Oh yeah, I know there are souls out there who might have gotten this far in reading this post to flutter their eyelashes and chalk it up as another old old-timer who has just lost touch with the pulse of the “new” wine business. Ok, yeah, see how far that gets one in the “greater” wine business. The basics don’t change that extremely. Sales 101. My friend has offered constructive advice on his website, for years, trying to help the up-and-coming sales rep how the business fundamentally works.

Shifting gears, what is really a sea change in the wine business, these days, is the disruption caused by extreme consolidation in the wholesale distribution scheme. Sales people change monthly, I see it with my own eyes. The big companies don’t work with an inventory printout anymore. The salespeople have push items. Most of them aren’t on commission anymore, they are “rewarded” by performance on those push products. The warehouse is filled with items that are parked there because the large distribs have 5-10 large suppliers whom they must keep happy (and they are contractually bound) and those little suppliers languish in corners of those behemoth warehouses. And little mom-and-pop stores, like the ones I frequent, for whom those little suppliers are their lifeblood (and vice versa) have roadblocks galore. They find their way out via close-out lists with ensuing loss of profit (don’t worry, the big companies aren’t losing anything). It makes a great deal for the consumer (Hey, right now I’m drinking a fantastic and fresh Friulian Sauvignon Blanc that I bought for $3.99) but it essentially stops the producer in their tracks. It isn’t sustainable. And so it goes, over and over.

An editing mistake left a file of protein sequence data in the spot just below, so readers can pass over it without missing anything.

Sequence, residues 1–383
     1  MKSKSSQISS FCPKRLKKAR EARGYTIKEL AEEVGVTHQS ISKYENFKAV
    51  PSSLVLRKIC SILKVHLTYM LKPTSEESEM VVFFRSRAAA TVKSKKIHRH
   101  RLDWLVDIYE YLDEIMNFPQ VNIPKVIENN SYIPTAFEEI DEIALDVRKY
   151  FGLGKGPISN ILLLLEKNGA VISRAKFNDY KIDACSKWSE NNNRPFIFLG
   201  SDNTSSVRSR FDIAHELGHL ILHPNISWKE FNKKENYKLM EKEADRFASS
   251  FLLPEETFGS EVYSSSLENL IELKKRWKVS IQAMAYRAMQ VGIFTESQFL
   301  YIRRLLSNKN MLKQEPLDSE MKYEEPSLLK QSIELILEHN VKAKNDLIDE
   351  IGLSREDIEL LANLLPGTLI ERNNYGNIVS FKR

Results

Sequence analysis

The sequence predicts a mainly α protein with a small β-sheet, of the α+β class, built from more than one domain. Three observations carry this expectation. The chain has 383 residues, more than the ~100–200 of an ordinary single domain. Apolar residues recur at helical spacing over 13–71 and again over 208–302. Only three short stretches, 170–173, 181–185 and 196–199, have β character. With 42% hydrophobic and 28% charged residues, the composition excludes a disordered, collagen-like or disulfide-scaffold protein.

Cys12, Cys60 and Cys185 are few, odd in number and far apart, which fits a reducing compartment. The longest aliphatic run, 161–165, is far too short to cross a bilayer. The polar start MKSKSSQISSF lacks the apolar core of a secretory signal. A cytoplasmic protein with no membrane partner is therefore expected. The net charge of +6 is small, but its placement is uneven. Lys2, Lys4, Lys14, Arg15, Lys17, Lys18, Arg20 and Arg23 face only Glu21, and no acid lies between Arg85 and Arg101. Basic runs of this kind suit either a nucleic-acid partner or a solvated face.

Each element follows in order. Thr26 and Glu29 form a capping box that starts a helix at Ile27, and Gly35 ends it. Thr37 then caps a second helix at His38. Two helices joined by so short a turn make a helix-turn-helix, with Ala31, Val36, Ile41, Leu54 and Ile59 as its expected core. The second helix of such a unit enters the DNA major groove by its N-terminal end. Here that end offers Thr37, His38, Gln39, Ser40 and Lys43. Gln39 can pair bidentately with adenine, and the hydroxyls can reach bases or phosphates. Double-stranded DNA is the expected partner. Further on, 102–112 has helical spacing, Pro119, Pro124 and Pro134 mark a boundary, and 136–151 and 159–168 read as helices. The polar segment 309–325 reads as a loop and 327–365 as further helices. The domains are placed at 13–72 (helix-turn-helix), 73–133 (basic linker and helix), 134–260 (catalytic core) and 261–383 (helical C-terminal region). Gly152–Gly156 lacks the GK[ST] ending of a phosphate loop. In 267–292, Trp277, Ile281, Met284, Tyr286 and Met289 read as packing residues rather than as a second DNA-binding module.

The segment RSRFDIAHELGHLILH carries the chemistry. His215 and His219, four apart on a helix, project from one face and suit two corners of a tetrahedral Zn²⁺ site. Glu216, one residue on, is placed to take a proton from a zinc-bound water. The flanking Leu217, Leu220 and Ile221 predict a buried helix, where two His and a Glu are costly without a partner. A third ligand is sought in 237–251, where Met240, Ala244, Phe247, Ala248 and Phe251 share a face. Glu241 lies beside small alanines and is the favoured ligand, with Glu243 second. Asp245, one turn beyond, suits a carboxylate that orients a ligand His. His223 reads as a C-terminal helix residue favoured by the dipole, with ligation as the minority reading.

So, a buyer like my friend sees all that and tries to make sense of it? And then some large or semi-large buyer calls him names because he won’t buy their crappy Australian Shiraz that can be found at the big box stores, every day, for $5.99?

I ask you, dear reader, what’s a “difficult” buyer to do? 


© written and photographed (except for the cover art and the business card photo) by Alfonso Cevola limited rights reserved On the Wine Trail in Italy